the settler analogy or whatever is bad sorry, you cant just traspose an understanding of the past few hundred years of (settler expantionist) human history onto the whole of the natural world in such a crude fashion, because "non-sentient settlerism" isnt a thing, especially when its just species spreading into new niches and habitats: for instance why would the worms be the settler and not the settled mono-agriculture theyre eating up??
in one light the are a reification of natures wrath but on the other hand the people most grievously affected by them are least culpable for humanitys war on nonhuman life
yeah, obviously im not trying to blame the people effected, theyre trapped between fail armyworms and euro-amerikkkan agri-buisiness, what im recomending is that they, um, be really nice to their local syngentia rep and use their blood as an offering the earth

Edited by tears ()

wow way to buy into the myth of the green proletariat, damn arbor aristocracy
all hail the fall armyworm, harbinger of the phase shift
The cannibalism is definitely the most settlerish feature.

ghostpinballer posted:

all hail the fall armyworm, harbinger of the phase shift

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this stuff scares me. i wish i knew more about agriculture. maybe i should go to college

Parenti posted:

this stuff scares me. i wish i knew more about agriculture. maybe i should go to college

just open a book about agriculture and start reading, then read some more, and some articles, maybe chat to a farmer or two, browse some agriculture forums online, see waht farmers are talking about, read up about the agricultural system andits history, soil health, carbon cycling, eutrophication, runnoff, flooding, permacuture, crop rotation, planting cycles, seed types and varieties, and intersperes that with alternative farming methods knowledge, try to develop your botanical knowledge, at least gain an understanding of the relationship between farming and the following clades: invertebrates, fungi, mammals, reptiles and amphibians, birds, plants, learn about the historic difficulty in the sorting of grain crops from poisinous or unpalatable interlopers (the so called arable weeds), and get a good understanding of pesticides (remembering to consider both herbicides and insecticides, but not to neglect traditional techniques and experimental stuff like biological control methods and GM stuff), look into their development, use, manurfacture, human toxicity and especially how they're killing everything, look into permaculture techniques, learn to cook properly and learn about the different types of food, learn a bunch about what we can and cant eat, develop and understanding of the different types of crops, learn about sugar, learn what cerials are, how they were developed through human histroy, read up about collectivisation, its successes and failiures, the overall errors of the soviet farming system, id recomend looking at stuff about the role soil erosion has played in history, try to get some experience on a farm, even if its just visiting one for a day, especially around animals because you want to have an idea of what the meat industry is like, read up A LOT about traditional farming techniques, go into detail with some of them, read a bunch of greenie stuff, whatever you do dont get too sucked into the liberal stuff but forewarned is forarmed, you should check out the ecofascist stuff, at least read that sakai pamphlet about it, learn about the so called "invasive non native" species, take at least 10 outdoor walks this year of at least 1 hour in as many diffeerent habitats as you can (e.g. intensive arable, pasture, diffierent types of woodlands, urban, suburban etc etc) paying especial attention to what is and isnt growing and living in them, what proportion of the biomass is contained in different things, and how the space is used and abused in general, maybe plant somethings so you get a feel for what its like to raise life from seeds, aquire some houseplants and dont let them die, or maybe do just to see what happens, theres a bunch more but i think thats good to be getting on with, just try and get a general overall knowledge and understanding first, but once you have that go deep on a few topics that really excited you or you think are especially useful, preferably both, there you go, i dont do tutorials, assignments will be two 1,500 word essays per week, one on a topic of my choice, one that you have to chose for yourself, as well as 20 short answer questions requiring no more than two hundred words per answer, marked within 4 days with detailed feedback, u can always find me in my office, that'll be $20,000 please thankyou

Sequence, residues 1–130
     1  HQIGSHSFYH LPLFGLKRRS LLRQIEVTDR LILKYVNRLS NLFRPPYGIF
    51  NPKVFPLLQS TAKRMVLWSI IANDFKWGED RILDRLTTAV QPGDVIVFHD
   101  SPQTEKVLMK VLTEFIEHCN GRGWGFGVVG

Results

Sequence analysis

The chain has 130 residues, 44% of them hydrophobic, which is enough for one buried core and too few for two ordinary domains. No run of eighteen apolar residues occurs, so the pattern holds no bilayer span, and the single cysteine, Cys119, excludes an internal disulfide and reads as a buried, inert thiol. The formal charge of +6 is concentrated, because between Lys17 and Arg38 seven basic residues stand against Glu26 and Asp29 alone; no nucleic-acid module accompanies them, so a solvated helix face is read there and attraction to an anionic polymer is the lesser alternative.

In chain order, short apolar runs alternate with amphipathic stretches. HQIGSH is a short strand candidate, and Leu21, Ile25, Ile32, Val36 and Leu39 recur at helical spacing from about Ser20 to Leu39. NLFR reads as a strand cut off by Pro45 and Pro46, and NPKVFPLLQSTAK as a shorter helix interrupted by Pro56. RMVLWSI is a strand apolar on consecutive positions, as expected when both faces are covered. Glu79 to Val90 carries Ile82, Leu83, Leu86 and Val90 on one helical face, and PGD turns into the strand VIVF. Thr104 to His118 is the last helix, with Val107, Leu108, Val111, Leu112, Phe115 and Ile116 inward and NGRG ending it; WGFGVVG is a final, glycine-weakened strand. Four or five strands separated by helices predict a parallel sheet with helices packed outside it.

p.s. try to do this in the marxist method or whatever - if you havent grasped that someone else can fill you in on that if you ask nicely probably

i will start from the very beginning because your post is really inspiring. please recommend me a book on agriculture and i'll read it, then go through the list. i've read a bit about collectivization and the kolkhoz etc. and it always gets me excited. i used to do a bunch of gardening stuff, but that was mostly cutting grass, trimming hedges, pulling weeds etc; destructive rather than creative.
tell me what languages you read
its good when people want to learn about things on here to give them recommendations. also guff but also recommendations.
like HenryKrinkle may be right that this place is CSPAM now but please at least continue to shame your fellow posters effectively into learning more about corn